I decided not to make any general New Years Resolutions for 2016, but the coinciding of a new year with a new university semester seemed a perfect opportunity to set myself some goals on things I could improve on from last term.
One of these things is to start making time for a more frequent, immersive sketchbook experience. I am a sketchbook hoarder; I collect Moleskins and various beautiful sketchbooks which often lie around, get used for a couple of things and then get forgotten about. I've never been very big into sketchbooks - I think the monotonous process of filling pages for GCSE and A Level art coursework drummed the love of it out of me.
What I'm only just coming to realise, now that I'm surrounded by other students who use a sketchbook religiously alongside making finished works, is that working smaller doesn't have to be restrictive or precious. It can give a freedom to the painting that doesn't arise when making pieces that are working towards being 'finished' works. It can allow me to play with line, mark-making, experiment with colour and document ideas in a visual way.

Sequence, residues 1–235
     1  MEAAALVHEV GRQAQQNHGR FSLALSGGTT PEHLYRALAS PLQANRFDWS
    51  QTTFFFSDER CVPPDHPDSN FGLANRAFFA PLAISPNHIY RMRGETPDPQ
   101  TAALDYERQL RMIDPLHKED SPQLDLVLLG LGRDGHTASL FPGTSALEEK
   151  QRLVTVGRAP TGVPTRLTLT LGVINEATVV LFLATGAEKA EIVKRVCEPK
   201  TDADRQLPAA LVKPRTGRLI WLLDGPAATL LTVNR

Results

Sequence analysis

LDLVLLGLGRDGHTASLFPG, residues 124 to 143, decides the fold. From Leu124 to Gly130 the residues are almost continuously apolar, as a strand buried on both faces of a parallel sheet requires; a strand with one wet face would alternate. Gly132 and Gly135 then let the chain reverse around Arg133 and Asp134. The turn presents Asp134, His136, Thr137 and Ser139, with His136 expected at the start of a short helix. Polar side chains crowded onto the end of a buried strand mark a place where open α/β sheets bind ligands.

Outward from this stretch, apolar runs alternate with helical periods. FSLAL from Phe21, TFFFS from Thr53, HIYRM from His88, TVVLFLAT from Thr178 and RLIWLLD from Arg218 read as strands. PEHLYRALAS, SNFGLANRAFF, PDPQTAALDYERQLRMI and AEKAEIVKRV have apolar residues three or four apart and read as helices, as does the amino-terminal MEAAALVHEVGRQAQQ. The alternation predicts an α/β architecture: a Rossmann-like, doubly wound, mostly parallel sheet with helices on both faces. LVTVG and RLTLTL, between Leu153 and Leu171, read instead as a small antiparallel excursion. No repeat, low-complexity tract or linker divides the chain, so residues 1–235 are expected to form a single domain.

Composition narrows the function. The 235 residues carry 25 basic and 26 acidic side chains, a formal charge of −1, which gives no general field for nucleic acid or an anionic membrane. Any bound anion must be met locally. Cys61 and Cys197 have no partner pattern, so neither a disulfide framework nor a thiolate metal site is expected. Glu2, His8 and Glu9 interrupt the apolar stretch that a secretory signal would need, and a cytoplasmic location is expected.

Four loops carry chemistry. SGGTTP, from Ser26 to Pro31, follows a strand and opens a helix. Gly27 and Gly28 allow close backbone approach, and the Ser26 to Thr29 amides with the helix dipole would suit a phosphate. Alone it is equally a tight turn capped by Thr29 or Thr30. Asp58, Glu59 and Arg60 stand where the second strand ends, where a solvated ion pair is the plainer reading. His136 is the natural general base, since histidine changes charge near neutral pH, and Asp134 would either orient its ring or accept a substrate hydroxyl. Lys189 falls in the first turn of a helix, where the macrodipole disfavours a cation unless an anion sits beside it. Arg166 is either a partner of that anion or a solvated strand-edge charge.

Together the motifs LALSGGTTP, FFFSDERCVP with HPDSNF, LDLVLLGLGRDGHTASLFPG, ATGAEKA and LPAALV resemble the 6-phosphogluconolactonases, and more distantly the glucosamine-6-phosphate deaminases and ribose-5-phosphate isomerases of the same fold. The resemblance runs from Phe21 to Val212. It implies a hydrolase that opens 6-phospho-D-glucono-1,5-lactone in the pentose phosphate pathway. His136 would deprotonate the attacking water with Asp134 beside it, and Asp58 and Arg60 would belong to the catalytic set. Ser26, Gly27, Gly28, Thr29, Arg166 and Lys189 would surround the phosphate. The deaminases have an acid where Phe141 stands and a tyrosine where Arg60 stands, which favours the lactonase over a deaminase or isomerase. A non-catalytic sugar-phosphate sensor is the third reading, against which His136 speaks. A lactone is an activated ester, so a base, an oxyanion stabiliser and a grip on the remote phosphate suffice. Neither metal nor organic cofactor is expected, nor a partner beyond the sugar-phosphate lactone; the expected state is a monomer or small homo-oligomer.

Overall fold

I think I always thought sketchbook work was a waste of time, a laborious process before reaching a 'final piece', as it definitely was in my art education experience prior to University. If nobody was going to see it, or view the work made as a finished piece of art, what was the point? I see it in a different way now. It's an aid, an outlet for creativity, an art form in itself.
Although it'll take a lot of time to become completely comfortable working in a sketchbook, starting to work smaller and immersing myself in the process a bit more has been incredibly revealing. I have begun re-purposing old materials, map paper cuttings, tracing paper, discarded pieces of masking tape and selected parts of failed paintings into collages.
The first few collages made in my sketchbook have been promising. I'm enjoying working on something so different and it's refreshing to make some smaller, more minimalistic work. The collages still resonate with my running obsessions of memory and the places we call home. They evoke imagery that arises from memories of motorway travel, the roads that connect one place to another and glimpses of Cornish architecture. I'm intrigued to see where this different approach to working in a sketchbook will take me.